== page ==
Over the past few weeks, we’ve discussed passive mobile security threats, active hacker threats, and tablet PC theft. In the final installment of this series on mobile security, we’ll be looking at an advanced mobile security issue, data seepage.
Tablet PC’s and ultra-mobile devices have opened up a whole new world of productivity and connectedness for people who need to work and stay in touch no matter where they go. However, operating computers in the unprotected realms of coffee shops and hotel broadband networks also opens up risks that most road warriors don’t anticipate.
Did you know that your tablet PC or ultra-mobile device may be leaking personal information to everyone within WiFi range? This information could include who you are, your company name, your previous IP address, where you’ve been, and much more
Robert Graham of Errata Security revealed at July’s Black Hat security conference just how much personal data mobile computers leak with his ““FerretÃ¢â‚¬Â WiFi information gathering tool. Graham, a security researcher and CEO of Errata Security, briefed attendees on the wide range of information mobile WiFi devices running MS Windows broadcast to anyone who’s listening to include:
– Computer name
– Computer description
– Previous IP address used (from the DHCP broadcast)
– A list of wireless network names your PC has previously connected to when it can’t find it’s ““preferredÃ¢â‚¬Â wireless network
The Ferret tool also sometimes picks up usernames and passwords sent without encryption (but WiFi and the Rookie readers already know that from Part 1 of this series ). The combination of personal information (often contained in the computer description, for example ““Sally Smith’s tablet PCÃ¢â‚¬Â) and the broadcast of previous wireless networks is a serious privacy concern. Using this information, a stalker or high-tech thief could locate your house and use your wireless network as confirmation that he has the right ““Sally Smith.Ã¢â‚¬Â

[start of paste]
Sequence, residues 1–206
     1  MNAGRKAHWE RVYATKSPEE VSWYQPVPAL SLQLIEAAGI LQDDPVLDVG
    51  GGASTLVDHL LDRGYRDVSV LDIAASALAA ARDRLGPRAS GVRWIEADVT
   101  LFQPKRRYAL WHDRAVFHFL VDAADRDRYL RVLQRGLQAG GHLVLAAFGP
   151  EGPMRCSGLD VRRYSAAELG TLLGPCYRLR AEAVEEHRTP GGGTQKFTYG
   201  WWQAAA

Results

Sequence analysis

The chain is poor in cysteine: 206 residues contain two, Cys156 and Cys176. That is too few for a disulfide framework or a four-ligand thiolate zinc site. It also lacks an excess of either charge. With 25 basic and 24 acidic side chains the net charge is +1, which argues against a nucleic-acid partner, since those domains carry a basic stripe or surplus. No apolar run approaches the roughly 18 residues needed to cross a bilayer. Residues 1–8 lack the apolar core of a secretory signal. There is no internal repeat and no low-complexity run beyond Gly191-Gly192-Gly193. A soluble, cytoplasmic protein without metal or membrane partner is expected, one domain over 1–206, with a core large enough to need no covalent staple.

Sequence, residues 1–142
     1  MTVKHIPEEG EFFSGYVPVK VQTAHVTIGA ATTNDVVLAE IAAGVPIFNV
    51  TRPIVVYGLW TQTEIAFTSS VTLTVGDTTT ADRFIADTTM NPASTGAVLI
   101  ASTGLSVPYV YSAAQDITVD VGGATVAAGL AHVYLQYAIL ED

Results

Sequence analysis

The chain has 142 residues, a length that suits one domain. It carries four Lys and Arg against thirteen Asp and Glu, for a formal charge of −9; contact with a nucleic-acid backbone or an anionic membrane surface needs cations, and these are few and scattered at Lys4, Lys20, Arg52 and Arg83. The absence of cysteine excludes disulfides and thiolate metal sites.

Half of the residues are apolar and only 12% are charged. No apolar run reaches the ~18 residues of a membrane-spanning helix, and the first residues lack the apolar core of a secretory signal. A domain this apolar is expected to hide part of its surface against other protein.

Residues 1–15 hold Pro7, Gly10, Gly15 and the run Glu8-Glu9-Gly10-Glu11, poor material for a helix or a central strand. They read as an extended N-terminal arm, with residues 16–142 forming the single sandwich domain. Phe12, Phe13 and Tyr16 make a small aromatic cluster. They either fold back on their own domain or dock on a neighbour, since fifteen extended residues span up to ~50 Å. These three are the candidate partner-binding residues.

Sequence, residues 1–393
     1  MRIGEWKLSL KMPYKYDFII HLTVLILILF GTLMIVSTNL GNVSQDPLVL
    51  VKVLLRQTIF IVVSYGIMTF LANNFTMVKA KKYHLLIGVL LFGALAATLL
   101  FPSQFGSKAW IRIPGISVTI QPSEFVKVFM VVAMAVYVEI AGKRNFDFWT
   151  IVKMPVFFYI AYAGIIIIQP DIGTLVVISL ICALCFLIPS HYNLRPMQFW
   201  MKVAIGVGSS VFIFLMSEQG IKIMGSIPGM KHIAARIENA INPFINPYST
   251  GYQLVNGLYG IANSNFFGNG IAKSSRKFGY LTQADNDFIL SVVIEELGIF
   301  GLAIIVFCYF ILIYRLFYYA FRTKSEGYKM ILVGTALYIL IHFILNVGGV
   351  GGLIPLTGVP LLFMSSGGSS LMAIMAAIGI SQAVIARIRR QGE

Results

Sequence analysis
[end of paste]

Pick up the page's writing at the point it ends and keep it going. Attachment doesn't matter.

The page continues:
To reduce your risk from data seepage, employ basic operational security measures, like the military. Don’t give your computer a name or description that reveals your real name or work affiliation. To check or change your computer’s description, follow these steps:
– Click on Control Panel from the Start menu
– Open the System icon
– Select the Computer Name tab
– Change what’s in Computer description, if necessary
Also, it’s a good idea to keep your wireless network name at home generic (““linksysÃ¢â‚¬Â should be just fine even if you’re access point is not made by Linksys) and turn off the SSID broadcast.
Unfortunately, you can’t keep MS Windows from broadcasting various bits of information to the wireless network, but you can control what some of that information looks like. For more information on data seepage, check out Robert Graham’s excellent briefing from Black Hat 2007, which is posted here: http://www.erratasec.com/BH_DC_07_Data_seepage.ppt
This concludes my initial series on mobile security. I hope you’re enjoyed reading it as much as I’ve enjoyed writing it. I plan to continue to publish these articles on a weekly basis, but need your help finding topics. Please post any ideas you have for future articles as comments to this article.